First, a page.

Why data science is allowing for optimism in the midst of the coronavirus

This is an unprecedented time. In these unchartered waters, good information, good data and the capacity to derive good decisions with analytics are more critical than ever. In the fight against the novel coronavirus (COVID-19), there has been a wide swath of data science use cases being discussed, and in some cases, developed and deployed. Some achieved more prominence than others, but what they have in common is their potential to give us some optimism that technology will get us through this crisis.

While we are told to stay away from each other, what we need to do more than ever before is be as “close” together as we can and unite in our collective efforts to tackle the problem. We can only do this by sharing more and jointly developing new solutions. Here are a few new ways that data science is being leveraged to improve outcomes.

Direct Medical Use Cases

Artificial intelligence (AI)-powered drug discovery

Recently, Sage Health sponsored an open-source Drug Discovery Competition, where the three top submissions identified potential treatments using machine learning. Several drug discovery companies are also using AI-powered techniques to discover both new and existing molecules that can be used to combat COVID-19. The top existing drug (Remdesivir) is currently being evaluated in several trials.

Another open source invitation has been extended by the White House and a coalition of leading research groups that is just getting started as well. If you’re interested, you can learn more here.

Facial recognition cameras with automated temperature scans and mask detection

In China, officials are taking temperatures of individuals as they enter crowded facilities. Those with elevated temperatures are then taken for advanced screening, potential treatment, and isolation. In addition, many cameras can now identify individuals and detect the presence, or lack of, a mask (as required in public places in some countries) to help enforce the quarantine.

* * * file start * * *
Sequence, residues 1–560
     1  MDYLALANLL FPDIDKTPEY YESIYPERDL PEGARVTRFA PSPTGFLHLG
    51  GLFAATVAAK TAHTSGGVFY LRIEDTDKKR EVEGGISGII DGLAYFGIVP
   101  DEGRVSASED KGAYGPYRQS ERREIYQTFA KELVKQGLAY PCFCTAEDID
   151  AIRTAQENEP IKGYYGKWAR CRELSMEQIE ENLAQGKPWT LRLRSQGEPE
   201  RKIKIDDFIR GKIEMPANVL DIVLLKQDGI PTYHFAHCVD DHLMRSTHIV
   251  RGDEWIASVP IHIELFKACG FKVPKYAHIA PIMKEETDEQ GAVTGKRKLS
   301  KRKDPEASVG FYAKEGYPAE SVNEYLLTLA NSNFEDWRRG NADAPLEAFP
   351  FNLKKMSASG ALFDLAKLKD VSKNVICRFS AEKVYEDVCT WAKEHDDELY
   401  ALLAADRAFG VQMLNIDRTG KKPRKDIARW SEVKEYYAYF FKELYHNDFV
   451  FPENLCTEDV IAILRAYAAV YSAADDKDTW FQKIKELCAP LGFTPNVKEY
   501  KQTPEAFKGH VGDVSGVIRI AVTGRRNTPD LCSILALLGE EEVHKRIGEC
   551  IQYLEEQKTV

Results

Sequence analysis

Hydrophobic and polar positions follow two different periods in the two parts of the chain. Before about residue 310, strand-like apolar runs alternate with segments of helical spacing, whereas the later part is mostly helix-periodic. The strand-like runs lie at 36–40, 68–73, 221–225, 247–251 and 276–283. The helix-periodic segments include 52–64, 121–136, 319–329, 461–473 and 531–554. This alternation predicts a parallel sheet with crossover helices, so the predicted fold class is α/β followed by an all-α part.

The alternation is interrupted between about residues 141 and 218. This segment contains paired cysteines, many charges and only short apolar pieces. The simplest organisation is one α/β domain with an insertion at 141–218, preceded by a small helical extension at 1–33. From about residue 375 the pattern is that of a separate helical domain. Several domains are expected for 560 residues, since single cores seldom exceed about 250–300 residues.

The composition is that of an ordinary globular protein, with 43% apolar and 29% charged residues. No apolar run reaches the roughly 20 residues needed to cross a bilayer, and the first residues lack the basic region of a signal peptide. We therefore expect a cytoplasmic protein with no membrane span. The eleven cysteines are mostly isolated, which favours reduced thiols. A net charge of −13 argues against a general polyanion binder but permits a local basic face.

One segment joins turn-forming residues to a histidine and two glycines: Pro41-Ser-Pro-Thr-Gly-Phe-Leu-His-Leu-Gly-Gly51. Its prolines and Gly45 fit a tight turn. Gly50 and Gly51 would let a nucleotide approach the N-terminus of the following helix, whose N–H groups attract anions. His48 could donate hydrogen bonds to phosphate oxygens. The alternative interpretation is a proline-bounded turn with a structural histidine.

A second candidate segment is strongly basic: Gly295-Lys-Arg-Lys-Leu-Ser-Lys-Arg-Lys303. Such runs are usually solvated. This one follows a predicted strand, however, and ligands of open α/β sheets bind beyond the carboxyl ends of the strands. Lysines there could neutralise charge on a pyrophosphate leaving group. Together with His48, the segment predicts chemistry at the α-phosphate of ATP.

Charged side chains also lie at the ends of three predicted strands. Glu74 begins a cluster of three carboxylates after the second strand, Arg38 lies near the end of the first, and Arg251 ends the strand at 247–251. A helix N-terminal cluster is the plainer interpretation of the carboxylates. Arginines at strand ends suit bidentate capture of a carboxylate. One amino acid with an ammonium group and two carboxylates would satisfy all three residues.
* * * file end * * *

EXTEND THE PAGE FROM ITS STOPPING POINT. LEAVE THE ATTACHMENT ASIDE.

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Use of Fitbits to track disease spread

In a February 2020 article in The Lancet, researchers questioned whether wearable fitness devices (like a Fitbit) could be used to track the spread of illnesses. While the data science study was not specific to the coronavirus, it revealed a strong ability to track disease spread by monitoring and analysing changes in an individual’s resting heart rate, and because some wearable devices collect additional information such as pulse oximetry, ECG, or even cough recognition, you can imagine how this can be taken further.

Use of cell phones to predict infection spread and contain/quarantine high risk individuals

Korea, China, and Italy have implemented smartphone applications to help manage the quarantine of individuals. In the case of China, cell phone data is reportedly being leveraged to predict where potential outbreaks might happen next. By identifying who has contracted a disease and analysing their prior movement based on their phone’s location services, it’s possible to see who else may have been exposed, as well as in which areas exposure is most likely. Modelling this data, the Chinese government was able to predict which areas (neighborhoods and cities) would be at highest risk and who would benefit the most from a proactive quarantine. There’s discussion in the U.S. about leveraging this type of data as well.

Rapid dissemination of information

While we have seen governments, businesses, and NGOs rapidly collect and share data, there have been instances in which this collaboration seems to be making an especially great impact. In Taiwan, the government quickly made patient traveler history available to hospitals so that risk could be more properly assessed. Other information, like sites that infected people had visited, were posted and those who had visited those locations were asked to self-monitor and self-quarantine as necessary.

AI Diagnostics of CT Scans

AI-based software is being used to interpret CT images of patients’ lungs to look for signs of COVID-19 infection.

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Gaming the system: unintended analytic outcome

Following the outbreak of COVID-19, students in China were told to download an app called DingTalk to receive instruction and assignments while in quarantine. Quickly, the kids realized that if they collectively reduced the rating of the app, it would be removed from the app store. On Feb 11, 2020, the app received over 15,000 one-star reviews in a single day, reducing its rating from 4.9 to 1.4 stars — not exactly the goal of a rating system, but a very clever response to the analytic process of which ratings are a part! In an attempt to win back the students, DingTalk issued a humourous apology video. In the end, the app remained running, but it’s always good to think about the consequences of how analytics will be used and if there might be unintended effects.

Data-driven responses

Data science and analytics have a major role to play in tackling the world’s most complex challenges, such as the coronavirus. At the moment, we need to quickly respond to the developments and also be respectful of each other. Unfortunately, we could be in this for a long time. But we are in this together, and hopefully, over time, these and other examples will make us more optimistic in our outlook.

Written by Alan Jacobson, chief data & analytics officer at Alteryx

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